Evaluation of the Dams TuLip-i™: a new airway device for flexible bronchoscopic intubation

To the Editor,

The Dams TuLip-i™ (DTL; Senko Medical Instrument Mfg. Co., Ltd., Tokyo, Japan) is an airway device to assist bag-mask ventilation (BMV) and flexible bronchoscopic intubation. Figure A–D shows the body of the DTL, its position in the airway, and a view of the glottis from a flexible bronchoscope positioned at the end of the DTL. This report evaluates the efficacy of the DTL for BMV and flexible bronchoscopic intubation in patients under general anesthesia with flexed head position.


A) Image of the complete Dams TuLip-i™ device. The introducer and fibreoptic bronchoscope (FOB) channel can be seen. B) Three-dimensional drawings of the tip of the Dams TuLip-i™ device. Each part of the device, the flap (F), two lifters (A and L), and tongue root stopper (T) are shown. C) Sagittal view of the distal end of the Dams TuLip-i™ device placed in the correct position. D) Glottic view using a fibreoptic bronchoscope through the Dams TuLip-i™ device

Following approval by the Institutional Review Board of Kawanishi City Hospital (approval number 25006), this study was registered in a clinical trial database (UMIN000024857). All patients provided informed consent. The protocol we registered was to compare DTL with ProsealTM laryngeal mask airway (Teleflex Medical Europe Ltd, Westmeath, Ireland) in patients with their heads fixed in a flexed posture. Complete upper airway obstruction occurred in two of 13 cases using the Proseal. With institutional review board approval, we modified the protocol to a single arm trial evaluating the DTL and expanded the sample size to 20.

Twenty adult patients (men: 12, women: eight, median [interquartile range [IQR)] body mass index 23.5 [20.7–31.3]) were enrolled in the study. Patients with oral diseases, symptomatic cervical spondylotic myelopathy, or loose teeth were excluded. On the operating table, each patient was manually fixed in the flexed head position. Because of the posture, the mouth opening of all patients became limited to less than two finger widths and the Mallampati score worsened to class IV. After induction of general anesthesia with propofol, fentanyl, and rocuronium, BMV was attempted, without and with the DTL. The bronchoscope was inserted through the bronchoscopic channel into the trachea.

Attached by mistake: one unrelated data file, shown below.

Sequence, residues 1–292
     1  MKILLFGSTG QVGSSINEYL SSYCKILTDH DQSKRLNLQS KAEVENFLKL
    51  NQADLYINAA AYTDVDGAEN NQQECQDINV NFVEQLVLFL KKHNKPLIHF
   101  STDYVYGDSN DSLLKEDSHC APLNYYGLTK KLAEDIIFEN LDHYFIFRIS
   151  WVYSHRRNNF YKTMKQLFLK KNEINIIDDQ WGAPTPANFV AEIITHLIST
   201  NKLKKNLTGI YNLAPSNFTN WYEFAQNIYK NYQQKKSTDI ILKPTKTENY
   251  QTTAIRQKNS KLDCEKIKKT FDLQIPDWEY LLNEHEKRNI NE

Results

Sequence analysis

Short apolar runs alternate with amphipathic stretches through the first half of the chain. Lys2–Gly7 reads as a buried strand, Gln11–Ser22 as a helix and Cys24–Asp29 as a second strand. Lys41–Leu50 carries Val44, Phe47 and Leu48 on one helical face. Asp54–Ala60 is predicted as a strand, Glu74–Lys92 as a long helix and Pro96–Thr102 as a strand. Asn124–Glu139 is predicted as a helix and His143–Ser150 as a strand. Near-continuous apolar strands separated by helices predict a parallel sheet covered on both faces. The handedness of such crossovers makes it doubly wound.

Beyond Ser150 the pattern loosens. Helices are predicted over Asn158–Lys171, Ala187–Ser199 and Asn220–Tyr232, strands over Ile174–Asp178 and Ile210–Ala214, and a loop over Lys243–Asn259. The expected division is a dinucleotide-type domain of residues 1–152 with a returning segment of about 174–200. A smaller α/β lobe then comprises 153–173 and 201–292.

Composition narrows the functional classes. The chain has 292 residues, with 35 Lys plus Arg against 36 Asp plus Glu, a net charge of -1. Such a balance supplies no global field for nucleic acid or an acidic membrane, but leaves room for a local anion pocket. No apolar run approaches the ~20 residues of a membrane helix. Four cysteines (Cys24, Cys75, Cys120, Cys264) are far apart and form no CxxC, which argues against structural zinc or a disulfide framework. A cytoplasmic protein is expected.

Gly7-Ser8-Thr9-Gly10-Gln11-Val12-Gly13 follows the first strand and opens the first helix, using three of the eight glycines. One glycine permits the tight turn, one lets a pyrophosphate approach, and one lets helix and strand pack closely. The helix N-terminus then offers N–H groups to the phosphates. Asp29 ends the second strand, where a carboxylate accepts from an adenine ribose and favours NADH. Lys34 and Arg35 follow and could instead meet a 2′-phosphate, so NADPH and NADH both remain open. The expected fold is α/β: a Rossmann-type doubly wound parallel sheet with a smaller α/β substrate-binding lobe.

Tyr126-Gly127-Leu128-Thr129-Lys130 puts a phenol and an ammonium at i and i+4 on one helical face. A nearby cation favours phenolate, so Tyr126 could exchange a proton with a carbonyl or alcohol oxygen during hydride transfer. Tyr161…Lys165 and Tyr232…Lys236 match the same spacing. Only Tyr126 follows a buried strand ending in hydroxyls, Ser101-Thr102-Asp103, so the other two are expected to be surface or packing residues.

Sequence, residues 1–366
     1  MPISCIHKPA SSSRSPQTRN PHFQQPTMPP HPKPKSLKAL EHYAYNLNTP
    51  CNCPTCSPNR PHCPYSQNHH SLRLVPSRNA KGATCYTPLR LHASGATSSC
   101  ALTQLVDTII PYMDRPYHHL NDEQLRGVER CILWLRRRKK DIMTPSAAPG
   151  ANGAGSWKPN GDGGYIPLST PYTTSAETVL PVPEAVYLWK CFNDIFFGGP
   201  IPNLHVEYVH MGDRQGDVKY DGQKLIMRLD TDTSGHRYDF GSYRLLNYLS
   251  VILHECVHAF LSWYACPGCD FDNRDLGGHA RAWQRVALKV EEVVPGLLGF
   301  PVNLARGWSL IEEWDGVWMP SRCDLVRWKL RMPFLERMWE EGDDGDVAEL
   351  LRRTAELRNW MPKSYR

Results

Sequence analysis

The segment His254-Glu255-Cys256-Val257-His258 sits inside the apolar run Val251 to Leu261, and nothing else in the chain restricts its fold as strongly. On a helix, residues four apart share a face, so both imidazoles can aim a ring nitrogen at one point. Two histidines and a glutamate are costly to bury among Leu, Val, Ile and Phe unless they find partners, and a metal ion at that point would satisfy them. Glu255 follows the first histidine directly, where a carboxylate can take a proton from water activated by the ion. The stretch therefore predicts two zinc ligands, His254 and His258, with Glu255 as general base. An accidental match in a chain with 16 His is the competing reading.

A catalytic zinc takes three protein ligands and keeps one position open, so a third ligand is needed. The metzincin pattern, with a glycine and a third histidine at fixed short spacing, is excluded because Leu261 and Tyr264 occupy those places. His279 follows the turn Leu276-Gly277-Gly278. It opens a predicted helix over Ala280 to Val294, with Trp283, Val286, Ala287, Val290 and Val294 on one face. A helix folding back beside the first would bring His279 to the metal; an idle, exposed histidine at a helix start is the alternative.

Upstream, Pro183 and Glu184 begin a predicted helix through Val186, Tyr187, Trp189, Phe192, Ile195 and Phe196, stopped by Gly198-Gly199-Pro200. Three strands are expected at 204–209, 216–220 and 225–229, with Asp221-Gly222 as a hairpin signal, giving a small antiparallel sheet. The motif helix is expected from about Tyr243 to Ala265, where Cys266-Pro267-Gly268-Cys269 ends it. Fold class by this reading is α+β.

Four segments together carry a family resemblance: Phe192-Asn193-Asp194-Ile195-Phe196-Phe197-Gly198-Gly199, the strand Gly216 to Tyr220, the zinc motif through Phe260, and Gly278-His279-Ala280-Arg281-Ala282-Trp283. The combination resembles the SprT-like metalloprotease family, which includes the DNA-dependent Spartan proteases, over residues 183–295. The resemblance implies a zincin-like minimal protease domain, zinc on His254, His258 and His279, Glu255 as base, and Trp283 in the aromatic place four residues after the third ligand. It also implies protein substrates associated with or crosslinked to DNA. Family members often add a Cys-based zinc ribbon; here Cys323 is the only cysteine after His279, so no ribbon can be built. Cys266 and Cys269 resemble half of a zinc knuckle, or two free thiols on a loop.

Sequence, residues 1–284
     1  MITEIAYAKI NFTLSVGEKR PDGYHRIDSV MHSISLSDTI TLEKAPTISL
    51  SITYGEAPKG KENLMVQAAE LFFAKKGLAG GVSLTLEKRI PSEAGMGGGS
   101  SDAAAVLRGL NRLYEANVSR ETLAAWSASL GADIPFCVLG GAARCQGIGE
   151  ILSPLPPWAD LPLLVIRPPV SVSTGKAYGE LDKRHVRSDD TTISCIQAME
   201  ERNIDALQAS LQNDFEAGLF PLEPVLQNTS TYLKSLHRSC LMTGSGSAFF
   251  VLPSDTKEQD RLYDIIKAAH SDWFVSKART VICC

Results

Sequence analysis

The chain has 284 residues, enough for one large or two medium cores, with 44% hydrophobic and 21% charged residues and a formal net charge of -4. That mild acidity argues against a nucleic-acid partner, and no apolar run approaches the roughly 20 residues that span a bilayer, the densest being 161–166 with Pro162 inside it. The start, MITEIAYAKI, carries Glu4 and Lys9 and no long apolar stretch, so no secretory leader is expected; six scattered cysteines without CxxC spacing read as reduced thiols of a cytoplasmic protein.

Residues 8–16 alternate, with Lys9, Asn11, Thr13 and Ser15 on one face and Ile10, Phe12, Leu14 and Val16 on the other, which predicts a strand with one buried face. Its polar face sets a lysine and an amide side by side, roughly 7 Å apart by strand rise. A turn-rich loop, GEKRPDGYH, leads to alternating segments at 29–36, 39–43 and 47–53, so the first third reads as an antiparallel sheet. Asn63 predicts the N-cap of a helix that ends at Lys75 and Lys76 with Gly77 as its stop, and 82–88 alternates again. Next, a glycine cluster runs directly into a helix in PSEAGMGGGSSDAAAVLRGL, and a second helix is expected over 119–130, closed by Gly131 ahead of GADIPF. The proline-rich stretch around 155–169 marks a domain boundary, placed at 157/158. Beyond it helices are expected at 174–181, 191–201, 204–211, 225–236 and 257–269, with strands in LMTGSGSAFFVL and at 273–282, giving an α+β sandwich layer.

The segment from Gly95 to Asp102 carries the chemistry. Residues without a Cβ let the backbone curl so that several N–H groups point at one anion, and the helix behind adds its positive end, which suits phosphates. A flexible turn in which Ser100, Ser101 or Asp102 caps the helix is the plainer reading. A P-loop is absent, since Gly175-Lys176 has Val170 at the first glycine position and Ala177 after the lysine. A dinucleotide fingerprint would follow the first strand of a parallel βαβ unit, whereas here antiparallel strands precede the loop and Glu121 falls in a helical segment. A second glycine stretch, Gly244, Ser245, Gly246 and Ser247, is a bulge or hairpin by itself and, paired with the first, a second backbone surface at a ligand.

The success rate of BMV with and without the DTL, device insertion time, and flexible bronchoscope insertion time from the mouth to the trachea were measured. The fibreoptic scoring system1 and percent of glottis opening score were assessed from the recorded pictures of the flexible bronchoscope.

Bag mask ventilation without the DTL failed in 17 of 20 patients despite assistive techniques (e.g., jaw lift). Bag mask ventilation with the DTL was successful in all cases. DTL insertion was successful on the first attempt; the median [IQR] time to device insertion was 7 [6–7] sec. The median [IQR] fibreoptic scoring system score was 4 [3–4], and the median [IQR] percent glottis opening visible was 100 [90–100]. The median [IQR] FOB insertion time was 9 [7–9] sec.

Prior to insertion of the endotracheal tube, the DTL was removed according to the instruction manual. No complications, such as oxygen desaturation (SpO2 < 95%), hoarseness, or visible blood staining of the device upon removal occurred with DTL.

Flexible bronchoscopic intubation using supraglottic airway devices or video laryngoscope are preferred in some cases of difficult airway management. Nevertheless, some reports have described difficulties associated with those methods due to the acute angle between the oral and the pharyngeal axes at the base of the tongue.2,3 The DTL facilitated oral flexible bronchoscopic intubation under general anesthesia in this study where the angle between oral and pharyngeal axes was acute. It remains to be seen if the DTL may also prove useful in cases of restricted mouth opening such as trismus and narrow hypopharynx.


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Conflicts of interest

None declared.

Editorial responsibility

This submission was handled by Dr. Gregory L. Bryson, Deputy Editor-in-Chief, Canadian Journal of Anesthesia.

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Trial registration

UMIN-CTR clinical trial (UMIN000024857); registered 16 November, 2016.

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Correspondence to Takanobu Uesugi MD.

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Uesugi, T. Evaluation of the Dams TuLip-i™: a new airway device for flexible bronchoscopic intubation. Can J Anesth/J Can Anesth 66, 993–994 (2019). https://doi.org/10.1007/s12630-019-01384-x

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